# Homework Help: Counting problem relatively hard I think.

1. May 17, 2012

### charmedbeauty

1. The problem statement, all variables and given/known data

For this problem assume that the 365 dates of the year are equally likely as birthdays.

b)Find the probability that in a group of n people, at least two have the same birthday.

2. Relevant equations

3. The attempt at a solution

Well Im not really sure what method I should use here??

but... the total number of solutions is surely 365n

but at least two?

maybe something along the lines...

P(365,2)
so

the probability is P(365,2)/365n

But I have a feeling I'm missing something, but I don't understand what?

2. May 17, 2012

### RoshanBBQ

A way to approach this problem is to notice the probability of at least a pair having the same birthday is the same as one minus the probability of no one having the same birthday.

3. May 17, 2012

### HallsofIvy

To determine the probability that "at least two" things occur, look at the opposite event- that NO two people have the same birthday. The probability that "at least two people have the same birthday" is then 1 minus the probability that no two people have the same birthday.

And that calculation easy- imagine putting all n of the people in order- in a straight line. The first person can have any day of the year as a birthday. The probability of that is 365/365= 1, of course. The second person can have any day except that one day as birthday. The probability of that is 364/365. The third person can have any day except those two days. The probability of that is 363/365. Can you finish that?

4. May 17, 2012

### Curious3141

HallsofIvy's post is good, and works for $n \leq 365$ but what happens when $n \geq 366$? Hint: Pigeonhole principle.

So the answer is a formula dependent on n for the former case, and just a single answer for the latter case.

5. May 17, 2012

### RoshanBBQ

365 choose 366 is zero, so the answer will work for n >365. Also, I wouldn't call it the pigeonhole principle. I'd call it the common sense principle.

6. May 17, 2012

### Curious3141

HallsofIvy's post did not introduce the combination operation. His post would directly have led to:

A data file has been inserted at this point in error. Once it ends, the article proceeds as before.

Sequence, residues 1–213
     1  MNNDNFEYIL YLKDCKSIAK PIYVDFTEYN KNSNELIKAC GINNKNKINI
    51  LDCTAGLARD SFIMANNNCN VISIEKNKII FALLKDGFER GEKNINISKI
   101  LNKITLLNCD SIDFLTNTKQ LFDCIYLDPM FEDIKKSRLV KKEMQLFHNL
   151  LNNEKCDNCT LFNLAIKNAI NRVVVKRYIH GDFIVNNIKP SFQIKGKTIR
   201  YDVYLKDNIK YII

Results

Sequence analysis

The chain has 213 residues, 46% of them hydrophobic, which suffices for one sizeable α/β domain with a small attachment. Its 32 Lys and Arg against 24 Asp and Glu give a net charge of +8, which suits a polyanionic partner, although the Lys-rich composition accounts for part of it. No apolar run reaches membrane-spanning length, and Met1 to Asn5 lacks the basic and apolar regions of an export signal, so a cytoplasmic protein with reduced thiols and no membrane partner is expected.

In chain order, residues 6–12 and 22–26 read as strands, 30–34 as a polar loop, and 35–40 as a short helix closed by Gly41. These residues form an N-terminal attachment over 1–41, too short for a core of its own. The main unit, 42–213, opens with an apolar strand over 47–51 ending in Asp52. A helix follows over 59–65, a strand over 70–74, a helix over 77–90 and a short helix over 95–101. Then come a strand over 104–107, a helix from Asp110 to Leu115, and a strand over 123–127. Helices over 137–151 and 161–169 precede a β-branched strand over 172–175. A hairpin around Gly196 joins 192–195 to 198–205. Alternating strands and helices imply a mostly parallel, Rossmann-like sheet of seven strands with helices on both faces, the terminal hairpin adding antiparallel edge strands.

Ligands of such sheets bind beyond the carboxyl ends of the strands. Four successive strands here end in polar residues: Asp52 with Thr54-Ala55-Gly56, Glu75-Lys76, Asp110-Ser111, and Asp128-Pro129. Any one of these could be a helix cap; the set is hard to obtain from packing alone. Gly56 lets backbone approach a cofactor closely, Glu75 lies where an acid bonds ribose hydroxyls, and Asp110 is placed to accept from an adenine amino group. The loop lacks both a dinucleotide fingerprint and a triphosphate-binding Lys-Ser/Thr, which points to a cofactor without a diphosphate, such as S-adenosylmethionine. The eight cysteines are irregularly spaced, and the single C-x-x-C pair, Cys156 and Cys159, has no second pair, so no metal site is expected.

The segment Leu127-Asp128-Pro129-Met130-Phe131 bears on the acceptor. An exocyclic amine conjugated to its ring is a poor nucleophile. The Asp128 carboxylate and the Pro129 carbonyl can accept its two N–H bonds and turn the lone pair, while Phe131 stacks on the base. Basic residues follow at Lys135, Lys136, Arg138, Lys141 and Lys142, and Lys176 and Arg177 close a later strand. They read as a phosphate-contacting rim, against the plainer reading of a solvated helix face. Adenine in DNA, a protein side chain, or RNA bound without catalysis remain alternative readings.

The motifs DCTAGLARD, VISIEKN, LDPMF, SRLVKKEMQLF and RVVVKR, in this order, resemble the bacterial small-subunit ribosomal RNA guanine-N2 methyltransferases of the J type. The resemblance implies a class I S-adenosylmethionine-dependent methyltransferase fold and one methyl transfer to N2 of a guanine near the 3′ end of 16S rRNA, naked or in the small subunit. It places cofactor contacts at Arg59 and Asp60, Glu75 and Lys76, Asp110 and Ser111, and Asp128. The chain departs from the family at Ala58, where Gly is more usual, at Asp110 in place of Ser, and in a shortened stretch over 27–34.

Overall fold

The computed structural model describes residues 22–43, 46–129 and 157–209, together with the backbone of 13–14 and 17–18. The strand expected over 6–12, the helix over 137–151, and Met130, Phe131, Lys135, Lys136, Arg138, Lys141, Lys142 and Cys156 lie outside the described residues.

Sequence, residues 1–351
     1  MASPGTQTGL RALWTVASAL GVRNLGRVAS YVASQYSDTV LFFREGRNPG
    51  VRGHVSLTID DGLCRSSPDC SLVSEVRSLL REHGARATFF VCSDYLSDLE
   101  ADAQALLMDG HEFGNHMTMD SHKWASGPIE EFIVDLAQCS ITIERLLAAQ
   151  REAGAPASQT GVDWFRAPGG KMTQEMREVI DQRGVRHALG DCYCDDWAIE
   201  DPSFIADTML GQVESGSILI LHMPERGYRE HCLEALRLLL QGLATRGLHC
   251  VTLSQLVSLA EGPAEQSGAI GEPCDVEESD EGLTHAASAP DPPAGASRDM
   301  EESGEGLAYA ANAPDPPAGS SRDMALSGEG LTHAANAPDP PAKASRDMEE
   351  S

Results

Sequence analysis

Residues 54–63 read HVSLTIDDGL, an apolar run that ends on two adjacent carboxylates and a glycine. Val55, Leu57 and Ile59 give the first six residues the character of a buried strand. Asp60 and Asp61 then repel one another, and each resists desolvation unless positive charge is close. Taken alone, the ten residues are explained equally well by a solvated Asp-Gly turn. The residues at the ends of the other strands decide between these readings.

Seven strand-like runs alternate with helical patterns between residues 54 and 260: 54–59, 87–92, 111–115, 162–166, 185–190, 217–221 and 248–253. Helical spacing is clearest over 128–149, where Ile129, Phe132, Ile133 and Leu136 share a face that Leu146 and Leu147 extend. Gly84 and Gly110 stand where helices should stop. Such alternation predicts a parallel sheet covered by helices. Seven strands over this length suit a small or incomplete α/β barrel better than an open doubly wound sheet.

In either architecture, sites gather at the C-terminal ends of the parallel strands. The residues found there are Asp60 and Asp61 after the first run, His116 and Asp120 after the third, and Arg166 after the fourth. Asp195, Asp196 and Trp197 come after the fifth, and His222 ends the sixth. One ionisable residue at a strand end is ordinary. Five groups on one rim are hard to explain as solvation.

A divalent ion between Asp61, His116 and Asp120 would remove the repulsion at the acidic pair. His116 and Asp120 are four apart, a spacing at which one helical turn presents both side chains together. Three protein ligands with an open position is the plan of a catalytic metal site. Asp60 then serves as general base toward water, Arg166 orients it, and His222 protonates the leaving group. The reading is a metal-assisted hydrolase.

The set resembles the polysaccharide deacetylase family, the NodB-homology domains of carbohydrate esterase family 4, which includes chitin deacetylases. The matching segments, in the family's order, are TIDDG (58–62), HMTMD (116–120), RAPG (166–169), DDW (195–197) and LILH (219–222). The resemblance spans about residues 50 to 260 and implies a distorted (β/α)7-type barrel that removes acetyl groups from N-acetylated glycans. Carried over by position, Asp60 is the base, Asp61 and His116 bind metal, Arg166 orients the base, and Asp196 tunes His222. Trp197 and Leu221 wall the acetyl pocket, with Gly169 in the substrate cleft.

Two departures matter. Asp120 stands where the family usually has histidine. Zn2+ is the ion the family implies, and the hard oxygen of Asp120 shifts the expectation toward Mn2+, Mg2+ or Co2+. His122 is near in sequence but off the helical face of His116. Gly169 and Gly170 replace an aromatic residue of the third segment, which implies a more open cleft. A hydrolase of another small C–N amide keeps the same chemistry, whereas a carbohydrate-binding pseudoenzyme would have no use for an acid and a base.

$$p(n) = 1 - \frac{(365)(364)...(365-n+1)}{365^n}$$

which clearly holds for $n \leq 365$. It also holds for $n=366$, because one can say the 366th person has zero "choice" of birthday to avoid a collision. However, when $n > 366$, the last terms of $(365-n+1)$ stop making sense, because, for example, the 367th person does not have "-1" choices of birthday, etc., he simply has no (zero) choice. Even though the expression will evaluate to the correct answer (one) for $n > 366$ because exactly one of the terms in the product is zero, the expression is still not correct mathematically.

The next commonly taken step, which involves simplifying the expression and recasting it in terms of combinatorial notation, is what you're referring to. Of course, based on the definition $nCr = 0$ for $r > n$, this expression would hold for all n, but the fact remains that this is not a mathematically sound way of deriving that formula since the initial expression does not make sense for $n > 366$, as I explained.

Hence the usual way of working the problem, which is to break the problem up into two cases, $n \leq 365$ and $n \geq 366$. Mathematical rigour matters.

You can call it whatever you like, and it is common sense, but it IS called the pigeonhole principle.

Last edited: May 17, 2012
7. May 18, 2012

### charmedbeauty

Thanks for all the replies cleared things up a lot I was really struggling to see where the 1 came from.

8. May 18, 2012

### HallsofIvy

There are 365 days of the year (pigeon holes) and more than 365 people (pigeons) so the "pigeon hole principle" say that at least two people must have the same birthday. There are many "common sense principles", only one "pigeon hole principle".